Welcome to the Blue Wall Weekly, your source for what's going on outside along the Southern Blue Ridge Escarpment. Feel free to share your own photos, videos, and adventures along the Blue Wall, and we'll do our best to make you (locally) famous!
LAYERS OF TIME
Mudstone, laid bare by the restless water of the lake that covers Jocassee Valley. The earth is reshaping here, right in front of my wondering eyes. Sediment from eroding mudstone once again obeys the Law of Original Horizontality, patiently laying a wide shelf just below the highwater line. Bulldozers have not sullied these layers. This is just as the earth is, here. There’s a story in
this colorful book, but I don’t know how to properly read the chapters. Across the lake, which means across two rivers, wind and rain have whipped bare a face of rock that today is unfazed by the erosive waves and wakes of Lake Jocassee. Was this rock bare when ferns were morphing into trees? Was this mudstone ridge once a swamp? Usually Earth’s mysteries are hidden under asphalt and top soil and foliage. This one is right in front of us.~K
Two historic buildings are located on the grounds of Oconee Station State Historic Site. The oldest is a stone blockhouse that was built in 1792. The brick house at Oconee Station was built in 1805 and served as the residence of a merchant who ran a trading post on the site.
It's Friday night and it's time to dance! Grab your partner and two-step to Oconee State Park's barn for a night of fun, music and square dancing. No experience necessary to have a grand ole time. Bluegrass music is performed by the Dixie Bluegrass Boys, led by Georgia Music Hall of Famer Curtis Blackwell.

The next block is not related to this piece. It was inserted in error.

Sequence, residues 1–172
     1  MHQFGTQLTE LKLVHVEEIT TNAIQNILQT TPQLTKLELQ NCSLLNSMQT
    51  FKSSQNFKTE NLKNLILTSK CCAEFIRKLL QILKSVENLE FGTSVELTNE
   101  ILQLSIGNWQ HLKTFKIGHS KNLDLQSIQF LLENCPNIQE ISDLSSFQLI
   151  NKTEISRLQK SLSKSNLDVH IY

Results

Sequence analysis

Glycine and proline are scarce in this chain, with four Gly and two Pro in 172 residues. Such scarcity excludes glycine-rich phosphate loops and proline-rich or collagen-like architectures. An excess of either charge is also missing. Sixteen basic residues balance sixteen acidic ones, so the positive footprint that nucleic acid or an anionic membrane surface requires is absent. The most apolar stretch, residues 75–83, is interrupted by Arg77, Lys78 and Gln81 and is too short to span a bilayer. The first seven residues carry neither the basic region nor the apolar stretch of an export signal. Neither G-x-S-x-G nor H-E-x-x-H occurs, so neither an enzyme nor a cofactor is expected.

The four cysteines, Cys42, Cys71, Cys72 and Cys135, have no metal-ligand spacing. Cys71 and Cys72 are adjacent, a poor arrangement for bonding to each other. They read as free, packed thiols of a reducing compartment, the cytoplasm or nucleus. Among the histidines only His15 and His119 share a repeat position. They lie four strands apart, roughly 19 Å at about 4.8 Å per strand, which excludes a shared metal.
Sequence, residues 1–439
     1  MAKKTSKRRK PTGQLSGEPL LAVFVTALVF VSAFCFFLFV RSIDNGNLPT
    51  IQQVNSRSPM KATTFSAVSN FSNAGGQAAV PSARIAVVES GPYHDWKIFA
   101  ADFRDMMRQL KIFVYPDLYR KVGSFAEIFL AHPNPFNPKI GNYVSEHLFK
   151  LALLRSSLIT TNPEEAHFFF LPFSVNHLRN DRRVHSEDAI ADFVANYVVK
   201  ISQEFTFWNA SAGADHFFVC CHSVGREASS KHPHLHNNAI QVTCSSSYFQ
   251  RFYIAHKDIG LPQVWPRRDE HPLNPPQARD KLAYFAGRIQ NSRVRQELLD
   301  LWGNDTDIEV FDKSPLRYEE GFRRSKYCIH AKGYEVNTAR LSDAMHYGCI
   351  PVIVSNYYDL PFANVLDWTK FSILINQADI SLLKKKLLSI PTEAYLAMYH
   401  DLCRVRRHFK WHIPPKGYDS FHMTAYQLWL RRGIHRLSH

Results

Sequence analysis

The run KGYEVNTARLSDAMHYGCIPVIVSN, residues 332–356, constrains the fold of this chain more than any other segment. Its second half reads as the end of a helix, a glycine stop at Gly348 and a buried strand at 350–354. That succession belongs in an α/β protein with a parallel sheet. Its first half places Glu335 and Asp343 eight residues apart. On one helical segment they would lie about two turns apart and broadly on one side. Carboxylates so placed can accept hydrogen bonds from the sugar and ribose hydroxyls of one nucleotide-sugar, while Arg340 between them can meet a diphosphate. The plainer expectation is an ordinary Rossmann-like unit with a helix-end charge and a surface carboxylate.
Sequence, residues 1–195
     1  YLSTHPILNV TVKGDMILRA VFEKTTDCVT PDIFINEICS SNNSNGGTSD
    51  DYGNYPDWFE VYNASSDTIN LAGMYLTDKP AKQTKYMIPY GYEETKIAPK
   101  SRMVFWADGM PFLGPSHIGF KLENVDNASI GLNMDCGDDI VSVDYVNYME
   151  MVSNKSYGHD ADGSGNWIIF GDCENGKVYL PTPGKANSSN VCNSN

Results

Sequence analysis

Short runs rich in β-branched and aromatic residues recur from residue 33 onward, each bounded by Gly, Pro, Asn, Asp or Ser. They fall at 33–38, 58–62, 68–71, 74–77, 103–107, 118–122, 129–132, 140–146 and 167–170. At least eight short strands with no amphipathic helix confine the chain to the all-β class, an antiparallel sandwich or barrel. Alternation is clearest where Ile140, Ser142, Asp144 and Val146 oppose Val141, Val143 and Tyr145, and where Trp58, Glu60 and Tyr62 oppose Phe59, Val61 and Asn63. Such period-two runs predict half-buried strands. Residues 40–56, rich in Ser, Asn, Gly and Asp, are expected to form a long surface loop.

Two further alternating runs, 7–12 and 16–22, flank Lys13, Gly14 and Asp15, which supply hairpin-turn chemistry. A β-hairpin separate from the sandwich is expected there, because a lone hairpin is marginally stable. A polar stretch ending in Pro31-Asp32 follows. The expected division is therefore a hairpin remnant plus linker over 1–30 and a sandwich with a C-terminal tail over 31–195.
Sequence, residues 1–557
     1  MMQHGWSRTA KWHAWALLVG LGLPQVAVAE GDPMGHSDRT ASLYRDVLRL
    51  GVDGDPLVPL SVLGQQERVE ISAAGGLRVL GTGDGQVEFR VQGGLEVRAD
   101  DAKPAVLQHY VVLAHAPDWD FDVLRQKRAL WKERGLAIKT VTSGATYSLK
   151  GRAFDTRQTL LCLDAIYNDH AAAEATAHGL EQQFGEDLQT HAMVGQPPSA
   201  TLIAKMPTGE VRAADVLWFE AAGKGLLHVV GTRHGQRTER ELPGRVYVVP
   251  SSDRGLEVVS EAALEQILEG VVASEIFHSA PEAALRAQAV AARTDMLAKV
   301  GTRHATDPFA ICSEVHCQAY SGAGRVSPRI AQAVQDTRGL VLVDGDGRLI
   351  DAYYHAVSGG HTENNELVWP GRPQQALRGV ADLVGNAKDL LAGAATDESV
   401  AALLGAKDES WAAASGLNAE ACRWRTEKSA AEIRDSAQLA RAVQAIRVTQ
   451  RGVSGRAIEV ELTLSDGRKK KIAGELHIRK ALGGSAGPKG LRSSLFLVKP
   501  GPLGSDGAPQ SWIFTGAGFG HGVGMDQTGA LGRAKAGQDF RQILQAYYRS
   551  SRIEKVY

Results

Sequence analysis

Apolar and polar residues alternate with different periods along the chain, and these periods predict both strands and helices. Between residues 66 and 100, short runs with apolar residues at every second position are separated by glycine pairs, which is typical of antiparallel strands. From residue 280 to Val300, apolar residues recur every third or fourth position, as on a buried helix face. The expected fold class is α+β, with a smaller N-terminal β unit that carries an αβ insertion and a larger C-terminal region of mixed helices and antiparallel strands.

This will be a five day event with base camp close enough to the trailhead for you to come and go as you please. We'll do a series of exploration day hikes with numerous waterfalls, swimming holes and plenty of trails to explore.
In this camp, children will explore the various ecosystems of South Carolina. Using the Natural Heritage Garden as our guide, we’ll take a journey from the mountains to the sea, and we’ll discover the interesting plants, animals and people who have called these spaces home throughout our state’s history.
In this open house, we’ll take a deeper look at the duck pond and its inhabitants. We’ll meet the many frogs, fish, birds and insects that rely on the pond and discover how important the pond is to them.
We’ll visit some waterfalls, drift up some wild rivers, and then settle in to watch the sun set. The speed range for this event: dawdle to pokey. Ever watch the sunset while floating in a calm, cool mountain lake? Perhaps with your favorite end-of-day beverage in hand? Join us!
RAIN AND ROOSTS. It has rained most every day this week, but not for long. Long enough, though, to keep the lake quiet and the temperatures mild. The skies have been gorgeous, the lake at its most mystically beautiful. It is days like this that mesmerized me on our first visit to Lake Jocassee, and quickly had us move our entire lives to its shore. One of my favorite things to do after a hard rain is to look for vulture roosts, where dozens of vultures can be found spreading their wings to dry. One common roost that is easily found and observed is along the shore and in the trees between the main dock at Devils Fork State Park and the Villas, the lovely cabins rented by the park. Wander quietly over there sometime, just after a bounding summer rain. It’s an eerie and beautiful sight.
EAGLE REPORT. The young’uns are up, they’re out, but they’re not gone. Both mature and immature eagles can be predictably seen on the upper reaches of the Toxaway River. It is clear that the resident population of our ‘mountain eagles’ is increasing!~B
DID YOU KNOW?
Mudstones are made up of fine grains of silt or clay which settle in low energy areas such as swamps or lakes. Because of Steno’s Law of Original Horizontality, we know that sedimentary rocks such as mudstone that are not horizontal either were formed in special ways or, more often, were moved from their horizontal position by later events, such as tilting during episodes of mountain building.
ABOUT THE BLUE WALL
Spanning three states (North Carolina, South Carolina and Georgia) and encompassing 859,000 acres, the Southern Blue Ridge Escarpment, known as the 'Blue Wall' by Native Americans, contains some of the highest natural diversity of rare plants and animals found anywhere in the world.